Our present study concerned the atomic force microscopy (AFM)-based revelation of the effect of a half-spherical element, whose shape was similar to the commonly used construction elements of bioreactor vessels, on the properties of the HRP model enzyme protein. The study was performed under common laboratory conditions, and the experimental setup, including the spherical element, was devoid of any electromagnetic shielding. We emphasize that in our experiments reported herein, external electromagnetic radiation was not generated intentionally by using specialized generators, as opposed to our previously reported experiments . In addition, the attenuated total reflection Fourier transform infrared spectroscopy (ATR-FTIR) method was employed in order to reveal whether or not the incubation of the HRP solution within the half-sphere led to any changes in its secondary structure. Moreover, spectrophotometry-based estimation of the HRP’s enzymatic activity was performed in order to find out whether or not the HRP active site was affected by the electromagnetic field under the conditions of our experiments. In our experiments reported herein, an increased aggregation of HRP after the incubation of its aqueous solution inside a titanium half-sphere was observed. The ATR-FTIR data obtained indicated alterations in HRP’s secondary structure after the incubation of its solution in the center of the half-sphere. At the same time, spectrophotometry results indicated no change in HRP’s enzymatic activity. These results indicated the importance of further studying how electromagnetic fields of commercial (50 Hz) frequency, generated by various equipment in both industry and everyday life, can affect living systems. This is required in order to develop safety standards regulating the application of electromagnetic field-inducing equipment in industry, where technological vessels with spherical construction elements are commonly employed. This is why the development of novel highly sensitive biosensor systems, which allow one to perform measurements at the single-molecule level, represents a crucial problem in biomedical research. The development of such biosensors will help to better understand the influence of external electromagnetic fields on humans. Moreover, the application of such systems will allow us to solve a number of important problems in biomedicine, including the early diagnosis of somatic and infectious diseases (such as cancer, cardiovascular diseases, hepatitis, and other viral infections) in humans.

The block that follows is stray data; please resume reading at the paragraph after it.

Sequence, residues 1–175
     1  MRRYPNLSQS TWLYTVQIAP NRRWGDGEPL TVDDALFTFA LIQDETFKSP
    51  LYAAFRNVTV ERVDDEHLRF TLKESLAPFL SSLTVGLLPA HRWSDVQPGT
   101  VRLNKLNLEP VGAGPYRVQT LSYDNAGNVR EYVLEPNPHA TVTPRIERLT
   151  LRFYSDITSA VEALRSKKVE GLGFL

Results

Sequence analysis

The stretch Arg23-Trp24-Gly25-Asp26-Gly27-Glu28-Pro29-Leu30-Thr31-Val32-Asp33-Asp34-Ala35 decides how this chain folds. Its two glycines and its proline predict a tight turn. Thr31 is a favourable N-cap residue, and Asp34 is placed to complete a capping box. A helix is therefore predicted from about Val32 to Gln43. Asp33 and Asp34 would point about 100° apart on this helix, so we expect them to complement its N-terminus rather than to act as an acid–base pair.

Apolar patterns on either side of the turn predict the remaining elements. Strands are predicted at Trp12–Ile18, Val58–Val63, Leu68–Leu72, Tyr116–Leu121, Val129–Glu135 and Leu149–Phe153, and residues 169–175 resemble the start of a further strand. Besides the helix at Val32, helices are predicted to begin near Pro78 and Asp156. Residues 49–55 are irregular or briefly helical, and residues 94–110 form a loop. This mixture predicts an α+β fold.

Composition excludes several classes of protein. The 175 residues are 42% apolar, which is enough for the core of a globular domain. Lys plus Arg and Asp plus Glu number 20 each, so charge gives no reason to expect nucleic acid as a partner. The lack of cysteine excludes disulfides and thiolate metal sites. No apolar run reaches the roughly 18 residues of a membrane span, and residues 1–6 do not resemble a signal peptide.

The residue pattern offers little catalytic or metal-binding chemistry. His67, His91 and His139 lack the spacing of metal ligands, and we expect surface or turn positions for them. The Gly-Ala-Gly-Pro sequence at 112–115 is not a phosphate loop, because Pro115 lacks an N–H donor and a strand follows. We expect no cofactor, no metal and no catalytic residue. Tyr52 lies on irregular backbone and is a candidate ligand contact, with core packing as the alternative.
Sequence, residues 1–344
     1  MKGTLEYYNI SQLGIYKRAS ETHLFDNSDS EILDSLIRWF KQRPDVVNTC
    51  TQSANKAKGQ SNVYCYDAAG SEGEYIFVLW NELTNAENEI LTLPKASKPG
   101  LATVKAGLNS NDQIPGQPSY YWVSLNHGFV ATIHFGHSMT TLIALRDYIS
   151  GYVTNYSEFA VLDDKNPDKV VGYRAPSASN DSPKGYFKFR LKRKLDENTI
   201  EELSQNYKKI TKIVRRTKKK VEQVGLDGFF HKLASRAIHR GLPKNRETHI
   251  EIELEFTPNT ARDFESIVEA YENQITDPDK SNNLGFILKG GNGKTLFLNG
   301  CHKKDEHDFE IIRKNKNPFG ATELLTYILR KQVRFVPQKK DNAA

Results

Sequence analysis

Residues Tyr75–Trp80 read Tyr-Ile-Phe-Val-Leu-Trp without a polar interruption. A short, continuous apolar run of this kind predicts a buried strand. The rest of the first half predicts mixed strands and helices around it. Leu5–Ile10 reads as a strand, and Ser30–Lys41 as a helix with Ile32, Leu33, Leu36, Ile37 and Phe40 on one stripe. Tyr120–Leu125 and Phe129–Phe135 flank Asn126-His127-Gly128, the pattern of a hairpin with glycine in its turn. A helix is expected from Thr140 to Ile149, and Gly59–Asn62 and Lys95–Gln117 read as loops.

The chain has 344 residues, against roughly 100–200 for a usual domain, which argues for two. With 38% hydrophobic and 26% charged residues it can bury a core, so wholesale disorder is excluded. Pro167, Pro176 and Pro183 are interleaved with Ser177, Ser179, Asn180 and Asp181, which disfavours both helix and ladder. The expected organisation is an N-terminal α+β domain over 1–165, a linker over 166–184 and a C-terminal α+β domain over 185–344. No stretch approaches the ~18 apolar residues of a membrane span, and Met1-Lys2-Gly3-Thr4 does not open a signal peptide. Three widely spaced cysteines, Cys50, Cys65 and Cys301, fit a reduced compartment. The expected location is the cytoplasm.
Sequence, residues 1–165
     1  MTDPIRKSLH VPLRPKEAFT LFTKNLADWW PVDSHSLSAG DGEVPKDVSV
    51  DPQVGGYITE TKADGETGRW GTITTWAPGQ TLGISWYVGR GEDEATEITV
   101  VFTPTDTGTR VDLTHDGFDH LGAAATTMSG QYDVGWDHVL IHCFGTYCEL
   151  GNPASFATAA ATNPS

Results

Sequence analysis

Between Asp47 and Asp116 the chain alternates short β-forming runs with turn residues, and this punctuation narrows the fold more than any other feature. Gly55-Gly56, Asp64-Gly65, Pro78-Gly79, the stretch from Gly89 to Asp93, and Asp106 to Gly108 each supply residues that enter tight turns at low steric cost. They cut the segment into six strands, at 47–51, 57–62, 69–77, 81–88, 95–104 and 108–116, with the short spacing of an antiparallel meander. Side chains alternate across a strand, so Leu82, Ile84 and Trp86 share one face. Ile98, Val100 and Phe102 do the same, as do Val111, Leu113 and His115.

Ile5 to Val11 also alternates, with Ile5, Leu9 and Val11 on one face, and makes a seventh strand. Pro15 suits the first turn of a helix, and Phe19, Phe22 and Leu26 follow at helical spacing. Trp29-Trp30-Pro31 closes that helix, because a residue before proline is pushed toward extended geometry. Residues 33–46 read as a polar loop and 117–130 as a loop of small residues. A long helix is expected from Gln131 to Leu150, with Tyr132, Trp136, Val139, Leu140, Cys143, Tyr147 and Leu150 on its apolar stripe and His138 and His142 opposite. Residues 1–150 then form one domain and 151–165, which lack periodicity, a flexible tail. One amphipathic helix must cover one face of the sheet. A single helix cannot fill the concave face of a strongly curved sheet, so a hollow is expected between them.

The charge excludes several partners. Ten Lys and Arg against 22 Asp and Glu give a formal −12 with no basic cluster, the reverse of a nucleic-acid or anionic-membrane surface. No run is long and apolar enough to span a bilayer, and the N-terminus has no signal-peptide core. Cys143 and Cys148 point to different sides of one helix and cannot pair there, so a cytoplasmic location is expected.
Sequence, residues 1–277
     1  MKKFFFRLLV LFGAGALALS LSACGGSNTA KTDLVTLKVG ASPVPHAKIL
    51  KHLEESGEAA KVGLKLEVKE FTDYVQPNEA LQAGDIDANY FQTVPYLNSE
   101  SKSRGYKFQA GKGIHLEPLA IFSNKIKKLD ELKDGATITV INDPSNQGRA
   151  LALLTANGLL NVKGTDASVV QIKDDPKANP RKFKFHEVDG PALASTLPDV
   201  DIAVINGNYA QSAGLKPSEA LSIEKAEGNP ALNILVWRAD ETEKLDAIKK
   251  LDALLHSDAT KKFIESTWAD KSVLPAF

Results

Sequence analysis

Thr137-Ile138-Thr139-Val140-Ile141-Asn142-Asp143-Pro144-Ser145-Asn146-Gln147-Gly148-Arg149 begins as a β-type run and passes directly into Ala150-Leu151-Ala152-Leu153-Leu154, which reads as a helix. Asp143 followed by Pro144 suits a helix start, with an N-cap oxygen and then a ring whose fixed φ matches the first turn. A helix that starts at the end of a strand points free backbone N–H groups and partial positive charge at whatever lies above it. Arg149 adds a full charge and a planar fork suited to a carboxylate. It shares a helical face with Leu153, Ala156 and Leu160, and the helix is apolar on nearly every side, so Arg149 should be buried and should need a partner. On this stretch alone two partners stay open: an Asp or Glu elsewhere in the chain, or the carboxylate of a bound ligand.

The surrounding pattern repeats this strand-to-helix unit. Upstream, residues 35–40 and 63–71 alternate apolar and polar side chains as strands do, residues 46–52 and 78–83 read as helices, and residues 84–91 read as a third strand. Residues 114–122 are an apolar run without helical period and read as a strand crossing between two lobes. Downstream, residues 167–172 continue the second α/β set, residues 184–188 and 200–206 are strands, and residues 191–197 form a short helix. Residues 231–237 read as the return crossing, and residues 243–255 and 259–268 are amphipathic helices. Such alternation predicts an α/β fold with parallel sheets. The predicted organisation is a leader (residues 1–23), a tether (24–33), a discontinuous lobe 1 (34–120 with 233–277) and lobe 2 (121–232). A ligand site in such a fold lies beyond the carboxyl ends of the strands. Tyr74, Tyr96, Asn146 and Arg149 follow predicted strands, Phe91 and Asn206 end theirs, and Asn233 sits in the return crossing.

Ivanov, Y.D.; Tatur, V.Y.; Pleshakova, T.O.; Shumov, I.D.; Kozlov, A.F.; Valueva, A.A.; Ivanova, I.A.; Ershova, M.O.; Ivanova, N.D.; Repnikov, V.V.; Stepanov, I.N.; Ziborov, V.S. Effect of Spherical Elements of Biosensors and Bioreactors on the Physicochemical Properties of a Peroxidase Protein. Polymers 2021, 13, 1601. https://doi.org/10.3390/polym13101601